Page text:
Data has always been critical to business decision making. Companies have devoted significant resources to expand into the digital universe, collecting, structuring, and analyzing data such as customer information, purchase orders, inventory tracking, and transactional records.
As businesses have digitized operations, the amount of data has grown faster than their ability to process and organize it. They desperately need tools to capture the digital breadcrumbs that customers leave behind.
Behavior that once happened in-store or over-the-phone is moving on-line, resulting in orders of magnitude more data. Businesses can answer many more questions about their customers. How long do customers browse before making a selection? Is there a stage in the transaction process that takes abnormally long? What items do customers buy together? Are searches for additional items going unfulfilled?
These digital breadcrumbs are valuable, but storing and analyzing them properly is challenging. Historically, the digital universe, or the amount of data created, replicated and consumed each year, closely tracked digital storage capacity. For example, in 2006 the digital universe was 1.7 times greater than annual storage production. Now, it outstrips capacity by roughly 500%, as shown below.
According to the IDC and EMC’s digital universe study, the growth of the digital universe is accelerating. As shown below, it grew by 25% at a compound annual rate from 2006 to 2014, but is projected to grow 39% annually over the next five years, increasing from 8.5 zettabytes (ZB) at the end of 2015 to 44 ZB by 2020.
Businesses are inundated with more data than they can handle, and need new tools to incorporate insights. Big data analytics and visualization companies provide solutions for the volume and variety of data being produced. Companies like New Relic [NEWR], Splunk [SPLK], Tableau [DATA], Qlik [QLIK], Hortonworks [HDP], and Cloudera provide solutions for companies trying to transform rivers of data into useful information.
From a $7B market in 2014, data analytics is poised to scale multiples higher. Of the 6.1 ZB of data generated in 2014, 22% contained valuable information but only 1% was analyzed, according to IDC and EMC, suggesting a cost of roughly $.10 per GB analyzed. Though prices are declining, if all valuable data were analyzed at $0.10/GB, the total addressable analytics market would measure in the hundreds of billions of dollars.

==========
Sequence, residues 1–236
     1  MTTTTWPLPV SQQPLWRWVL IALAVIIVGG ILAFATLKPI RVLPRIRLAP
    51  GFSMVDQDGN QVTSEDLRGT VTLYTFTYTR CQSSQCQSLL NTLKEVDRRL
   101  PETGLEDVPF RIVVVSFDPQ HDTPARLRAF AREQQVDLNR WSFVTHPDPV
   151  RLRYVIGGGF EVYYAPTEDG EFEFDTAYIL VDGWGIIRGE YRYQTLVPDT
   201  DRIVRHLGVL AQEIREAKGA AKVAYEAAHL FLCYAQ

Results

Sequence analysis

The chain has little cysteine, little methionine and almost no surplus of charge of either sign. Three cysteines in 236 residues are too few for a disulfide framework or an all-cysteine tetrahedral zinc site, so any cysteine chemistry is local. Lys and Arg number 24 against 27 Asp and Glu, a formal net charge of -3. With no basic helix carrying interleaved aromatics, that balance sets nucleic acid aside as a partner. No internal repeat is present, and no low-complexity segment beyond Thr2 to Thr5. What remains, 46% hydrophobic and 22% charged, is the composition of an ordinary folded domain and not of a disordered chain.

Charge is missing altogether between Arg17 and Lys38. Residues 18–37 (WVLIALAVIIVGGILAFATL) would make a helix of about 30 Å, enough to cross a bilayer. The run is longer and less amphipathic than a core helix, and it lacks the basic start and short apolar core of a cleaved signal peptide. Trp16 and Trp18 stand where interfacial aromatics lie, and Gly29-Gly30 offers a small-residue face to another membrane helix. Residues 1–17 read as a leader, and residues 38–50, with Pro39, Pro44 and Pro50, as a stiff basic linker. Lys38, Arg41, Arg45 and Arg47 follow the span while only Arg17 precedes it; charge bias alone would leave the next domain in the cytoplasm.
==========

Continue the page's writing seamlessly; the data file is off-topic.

The total addressable market will depend on how fast the cost/GB analyzed declines. Companies with truly innovative and useful data platforms will have an advantage because superior technology creates a pricing moat. For example, Splunk, which specializes in capturing disparate data streams and rendering them comparable, has held pricing power well above the average cost/GB. By our calculations it generated $1.00 per GB analyzed in 2014. Interestingly, even at this price point Splunk is taking share, suggesting the high value-add of its analytics.
Clearly Splunk, New Relic, Hortonworks, Cloudera, and even mature companies such as SAP and IBM are capitalizing on the earliest innings of the data inundation game. While companies have always collected data, and the transaction ledger has been valuable for centuries, bits now are flooding the so-called ledger book. The advantage will lie with the real-time-ledger-book makers who can transform the torrent of data into actionable knowledge.